It started back in January, when the MBTA, staring down a $160 million hole for the coming year, introduced two plans to cover the deficit through fare increases and service cuts. One leaned more heavily on fares, the other on cuts.
With transit ridership in Greater Boston at its highest level since 1946, the public was outraged. The prospect of a 43 percent increase on fares and passes and the elimination of up to half of all bus routes, all ferries, and all night and weekend service on the commuter rail prompted 6,000 people to pack hearings and 6,300 to write to the MBTA by e-mail or letter. Nearly all called for a less severe alternative.
Heeding the message, Governor Deval Patrick’s administration found one-time sources to cover half the deficit – including nearly $50 million from a little-known surplus fed by motor vehicle inspection fees – while relying on a smattering of cuts and a more modest fare increase for the rest. The price of all passes and fares is rising an average of 23 percent, though some riders, including seniors and people with disabilities, will see a much steeper increase.
Here is a guide to the changes, which take effect next Sunday.
Prices at most park-and-ride lots will remain the same.
Ferry parking is increasing from $3 to $4.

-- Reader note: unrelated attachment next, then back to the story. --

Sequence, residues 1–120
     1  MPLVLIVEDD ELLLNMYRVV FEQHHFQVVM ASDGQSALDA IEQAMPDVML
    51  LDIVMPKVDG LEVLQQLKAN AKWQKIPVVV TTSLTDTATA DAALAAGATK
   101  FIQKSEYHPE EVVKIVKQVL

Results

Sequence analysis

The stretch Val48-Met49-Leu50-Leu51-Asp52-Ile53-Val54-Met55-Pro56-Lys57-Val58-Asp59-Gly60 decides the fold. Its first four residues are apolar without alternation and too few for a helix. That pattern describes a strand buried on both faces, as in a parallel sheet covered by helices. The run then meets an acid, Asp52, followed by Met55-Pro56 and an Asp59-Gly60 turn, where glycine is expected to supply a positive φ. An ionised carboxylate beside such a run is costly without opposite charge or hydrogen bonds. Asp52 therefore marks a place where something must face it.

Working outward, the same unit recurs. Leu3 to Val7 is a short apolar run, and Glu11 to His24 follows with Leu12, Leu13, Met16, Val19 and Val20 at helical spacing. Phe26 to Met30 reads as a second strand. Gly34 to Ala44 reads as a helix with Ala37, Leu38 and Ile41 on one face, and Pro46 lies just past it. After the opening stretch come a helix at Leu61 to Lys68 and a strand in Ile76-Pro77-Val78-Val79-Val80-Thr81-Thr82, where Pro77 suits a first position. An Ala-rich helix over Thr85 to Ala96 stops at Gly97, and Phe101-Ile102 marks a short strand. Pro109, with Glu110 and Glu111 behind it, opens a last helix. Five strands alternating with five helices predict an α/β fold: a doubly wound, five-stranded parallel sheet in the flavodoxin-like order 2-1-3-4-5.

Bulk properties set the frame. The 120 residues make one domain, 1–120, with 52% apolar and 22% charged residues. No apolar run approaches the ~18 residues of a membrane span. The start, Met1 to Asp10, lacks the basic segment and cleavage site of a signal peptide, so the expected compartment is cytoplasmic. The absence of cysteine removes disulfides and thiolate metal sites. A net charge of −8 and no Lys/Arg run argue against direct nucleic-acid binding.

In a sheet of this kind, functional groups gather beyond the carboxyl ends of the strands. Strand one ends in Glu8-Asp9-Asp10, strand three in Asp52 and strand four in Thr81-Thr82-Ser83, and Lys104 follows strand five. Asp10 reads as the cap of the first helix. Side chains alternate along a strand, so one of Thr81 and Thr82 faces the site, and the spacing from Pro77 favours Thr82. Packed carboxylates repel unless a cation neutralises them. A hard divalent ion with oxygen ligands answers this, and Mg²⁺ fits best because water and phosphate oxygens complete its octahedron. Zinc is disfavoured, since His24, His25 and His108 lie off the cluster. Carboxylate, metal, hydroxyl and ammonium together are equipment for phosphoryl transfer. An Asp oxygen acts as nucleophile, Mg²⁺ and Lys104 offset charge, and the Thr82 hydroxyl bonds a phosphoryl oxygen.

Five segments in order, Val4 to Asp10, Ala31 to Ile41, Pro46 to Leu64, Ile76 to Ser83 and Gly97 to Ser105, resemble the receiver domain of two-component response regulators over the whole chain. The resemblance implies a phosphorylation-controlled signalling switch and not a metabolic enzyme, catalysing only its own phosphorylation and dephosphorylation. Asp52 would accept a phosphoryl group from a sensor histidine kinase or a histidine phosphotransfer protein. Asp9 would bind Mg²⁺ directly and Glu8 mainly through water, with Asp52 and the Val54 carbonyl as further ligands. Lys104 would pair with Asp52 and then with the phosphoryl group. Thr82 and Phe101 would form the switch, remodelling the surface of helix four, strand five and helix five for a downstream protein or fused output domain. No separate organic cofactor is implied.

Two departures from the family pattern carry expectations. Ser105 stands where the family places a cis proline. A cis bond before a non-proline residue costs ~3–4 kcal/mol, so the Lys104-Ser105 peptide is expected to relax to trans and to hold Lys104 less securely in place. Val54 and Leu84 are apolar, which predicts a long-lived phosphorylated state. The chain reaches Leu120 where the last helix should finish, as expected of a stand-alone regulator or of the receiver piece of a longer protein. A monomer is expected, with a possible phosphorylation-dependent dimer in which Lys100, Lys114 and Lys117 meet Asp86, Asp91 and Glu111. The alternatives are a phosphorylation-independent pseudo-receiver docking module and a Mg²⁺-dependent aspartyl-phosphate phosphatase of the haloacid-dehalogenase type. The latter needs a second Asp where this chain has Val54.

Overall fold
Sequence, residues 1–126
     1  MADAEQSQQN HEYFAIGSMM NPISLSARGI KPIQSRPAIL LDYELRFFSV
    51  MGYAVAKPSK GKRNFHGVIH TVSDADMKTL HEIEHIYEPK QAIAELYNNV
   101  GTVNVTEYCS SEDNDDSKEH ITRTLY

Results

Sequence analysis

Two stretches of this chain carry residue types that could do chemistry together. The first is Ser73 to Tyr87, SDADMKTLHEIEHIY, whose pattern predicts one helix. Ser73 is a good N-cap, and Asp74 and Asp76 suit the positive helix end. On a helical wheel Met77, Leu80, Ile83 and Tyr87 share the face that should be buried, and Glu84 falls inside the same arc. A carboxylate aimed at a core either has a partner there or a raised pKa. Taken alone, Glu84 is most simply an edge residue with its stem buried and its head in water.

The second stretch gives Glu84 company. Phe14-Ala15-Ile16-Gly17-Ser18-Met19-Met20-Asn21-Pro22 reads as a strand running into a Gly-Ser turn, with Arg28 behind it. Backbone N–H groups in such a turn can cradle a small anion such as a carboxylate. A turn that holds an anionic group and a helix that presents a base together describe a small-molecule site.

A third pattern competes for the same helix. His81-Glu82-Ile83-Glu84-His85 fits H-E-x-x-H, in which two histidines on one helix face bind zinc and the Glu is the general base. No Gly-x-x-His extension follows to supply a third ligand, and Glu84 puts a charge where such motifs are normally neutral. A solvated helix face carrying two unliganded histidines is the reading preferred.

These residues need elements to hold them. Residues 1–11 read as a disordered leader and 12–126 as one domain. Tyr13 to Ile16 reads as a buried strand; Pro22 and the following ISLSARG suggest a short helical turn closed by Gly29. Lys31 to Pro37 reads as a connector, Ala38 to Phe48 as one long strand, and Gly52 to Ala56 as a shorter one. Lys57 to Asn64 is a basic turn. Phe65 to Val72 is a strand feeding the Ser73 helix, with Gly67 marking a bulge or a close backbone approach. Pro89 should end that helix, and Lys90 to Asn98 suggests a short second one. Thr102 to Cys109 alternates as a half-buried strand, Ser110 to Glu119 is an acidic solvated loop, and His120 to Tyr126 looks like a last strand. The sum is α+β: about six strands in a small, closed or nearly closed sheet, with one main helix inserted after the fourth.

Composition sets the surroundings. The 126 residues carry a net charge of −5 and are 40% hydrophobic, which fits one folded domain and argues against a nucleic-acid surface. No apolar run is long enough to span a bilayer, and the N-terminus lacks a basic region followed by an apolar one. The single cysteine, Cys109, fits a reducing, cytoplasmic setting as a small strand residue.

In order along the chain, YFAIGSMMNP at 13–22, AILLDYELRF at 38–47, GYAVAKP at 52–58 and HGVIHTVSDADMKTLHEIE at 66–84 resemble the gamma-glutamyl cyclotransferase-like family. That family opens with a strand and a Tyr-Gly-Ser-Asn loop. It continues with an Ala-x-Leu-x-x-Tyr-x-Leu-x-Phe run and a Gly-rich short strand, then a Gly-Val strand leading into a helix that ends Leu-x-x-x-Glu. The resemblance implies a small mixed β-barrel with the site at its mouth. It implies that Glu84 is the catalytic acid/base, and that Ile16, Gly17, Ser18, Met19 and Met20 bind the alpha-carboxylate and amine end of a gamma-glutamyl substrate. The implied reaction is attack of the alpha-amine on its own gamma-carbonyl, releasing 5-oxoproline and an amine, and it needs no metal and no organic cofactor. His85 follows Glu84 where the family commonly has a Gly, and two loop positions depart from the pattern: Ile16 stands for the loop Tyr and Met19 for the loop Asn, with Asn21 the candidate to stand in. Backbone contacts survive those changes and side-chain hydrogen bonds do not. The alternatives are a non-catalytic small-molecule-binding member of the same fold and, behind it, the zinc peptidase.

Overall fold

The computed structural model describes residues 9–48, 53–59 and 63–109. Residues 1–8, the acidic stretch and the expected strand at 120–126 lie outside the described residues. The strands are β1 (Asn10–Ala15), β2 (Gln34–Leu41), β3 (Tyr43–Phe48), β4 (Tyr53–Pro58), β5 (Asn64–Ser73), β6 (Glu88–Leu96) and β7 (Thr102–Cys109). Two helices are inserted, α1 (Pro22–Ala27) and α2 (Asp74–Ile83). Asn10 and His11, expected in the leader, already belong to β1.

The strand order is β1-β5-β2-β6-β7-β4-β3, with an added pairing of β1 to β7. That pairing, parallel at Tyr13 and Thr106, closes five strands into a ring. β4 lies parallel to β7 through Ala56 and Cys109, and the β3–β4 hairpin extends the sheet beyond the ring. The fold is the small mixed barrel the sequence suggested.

Parking at the Route 128 lot is increasing from $5 to $7.
Eight lots are increasing from $5.50 to $6: Chestnut Hill, Eliot, Lechmere, Malden, Oak Grove, Sullivan, Waban, and Wellington.
The Riverside lot is increasing from $5.75 to $6.
Milton and Mattapan lots are increasing from $3 to $4. (Parking had been $5 in Milton and $4.50 in Mattapan, but was reduced temporarily to $3 in a lower-priced trial.)
A $3 fee for purchasing commuter rail tickets on board will be applied at all stations, though a majority lack vending machines, ticket windows, or local retail partners selling tickets and passes. That replaces a surcharge ($1 off-peak, $2 peak) typically imposed only when purchasing from conductors after boarding at major terminals, such as North and South stations.
The 710 bus, initially listed for elimination, will remain in service on a six-month monitoring trial.
Weekend elimination of the F2 ferry has been postponed from July 1 to Oct. 13, with the T acknowledging higher summer ridership on the ferries.
The 12-ride commuter rail pass will become a 10-ride pass July 1. The expiration period on those passes changed in April from 180 days to 30 days. The expiration on a single-ride commuter rail ticket also changed from 180 days to 14 days in April.
The 10-ride, discounted ferry pass will be eliminated.
A “premium” zone for The Ride will take effect Oct. 1, with an extra $1 added to the $4 fare for trips beginning or ending more than three-quarters of a mile from an existing MBTA bus, trolley, or subway stop.